The bookstore owner actually hesitated in selling it to me.  He hemmed and hawed and then felt he must have another copy in the back, because he had planned on scanning it for the wonderful woodcut illustrations inside.  I told him to let me buy it and he could mail it to me when he was done scanning it.  He finally relented and let me purchase it then and there.  Now I will see if the memory of enjoying reading this book when I was much younger still holds true.  Have any of you ever read this book of fantasy? It is a male's version of a romance.  It is not copyrighted in the U.S. and is downloadable at the following URL, if your are interested.

Or you can search the title and find it online in several places.

Friday, September 11, 2009

Tag, Your It

Darlene tagged me for a meme. I do not usually play along with these, being a bit of a spoil sport,but Darlene has a most compelling blog, so I will do so. In addition, I actually played this meme once before...but it was on Facebook and I was reading All Fishermen are Liars. The rules are to pick the book nearest to you, turn to page 161 and copy the fifth sentence.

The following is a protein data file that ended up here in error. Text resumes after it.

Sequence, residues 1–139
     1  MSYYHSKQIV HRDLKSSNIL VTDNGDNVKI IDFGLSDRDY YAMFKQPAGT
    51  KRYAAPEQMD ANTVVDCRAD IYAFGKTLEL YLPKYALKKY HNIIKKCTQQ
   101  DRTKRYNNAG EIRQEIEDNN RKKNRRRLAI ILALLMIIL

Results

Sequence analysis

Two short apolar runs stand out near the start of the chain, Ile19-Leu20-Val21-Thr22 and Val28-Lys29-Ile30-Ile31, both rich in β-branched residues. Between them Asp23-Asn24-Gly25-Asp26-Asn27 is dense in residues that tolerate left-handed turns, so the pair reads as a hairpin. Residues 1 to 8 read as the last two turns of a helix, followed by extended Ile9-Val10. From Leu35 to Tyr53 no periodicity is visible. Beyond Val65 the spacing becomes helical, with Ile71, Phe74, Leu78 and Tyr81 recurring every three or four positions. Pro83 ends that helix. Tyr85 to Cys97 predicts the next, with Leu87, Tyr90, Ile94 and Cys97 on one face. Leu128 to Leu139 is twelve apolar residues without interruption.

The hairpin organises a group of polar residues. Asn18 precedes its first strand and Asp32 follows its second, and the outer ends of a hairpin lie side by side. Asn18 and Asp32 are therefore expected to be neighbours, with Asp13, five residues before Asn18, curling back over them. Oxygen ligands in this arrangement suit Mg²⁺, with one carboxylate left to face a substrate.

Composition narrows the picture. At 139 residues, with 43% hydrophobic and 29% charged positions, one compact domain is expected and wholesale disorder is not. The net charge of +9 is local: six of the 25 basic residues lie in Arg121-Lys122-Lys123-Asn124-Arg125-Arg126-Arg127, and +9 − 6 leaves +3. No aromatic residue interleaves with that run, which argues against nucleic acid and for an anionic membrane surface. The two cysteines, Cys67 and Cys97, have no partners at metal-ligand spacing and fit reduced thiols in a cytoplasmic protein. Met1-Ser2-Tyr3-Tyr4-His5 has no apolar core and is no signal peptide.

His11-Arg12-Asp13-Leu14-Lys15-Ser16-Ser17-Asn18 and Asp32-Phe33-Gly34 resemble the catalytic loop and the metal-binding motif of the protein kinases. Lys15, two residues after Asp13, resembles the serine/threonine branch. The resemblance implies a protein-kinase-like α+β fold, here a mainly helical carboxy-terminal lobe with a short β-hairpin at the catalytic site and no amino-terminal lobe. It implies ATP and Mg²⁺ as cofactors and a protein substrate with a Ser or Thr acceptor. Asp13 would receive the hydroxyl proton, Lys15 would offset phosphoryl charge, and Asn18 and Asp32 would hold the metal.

I will post the meme from the book closest to me right now...I am not actually reading it as it is a reference tool published in 1999 and already out-dated, Real World Digital Photography by McClelland and Eismann:
  • "a 2MB board provides 16 million colors up to 800 by 600 pixels (or 832 by 624 pixels on the Mac). If you raise the resolution of the monitor above that, you have to drop the number of colors that can be displayed at a time to 32,000 or fewer."
The book(s) that sit on my end table near my bed and which I am currently reading actually are:

From Onions to Pearls by Satyam Nadeen, a kind of weird book about awakening. I don't know if I am going to like it or not. Bought it at a used book sale.
Outliers by Malcom Gladwell. Another good book of his; this one is about demographics and genetics and the luck of the draw.

(And, of course, anyone who wants to play along, please do so.)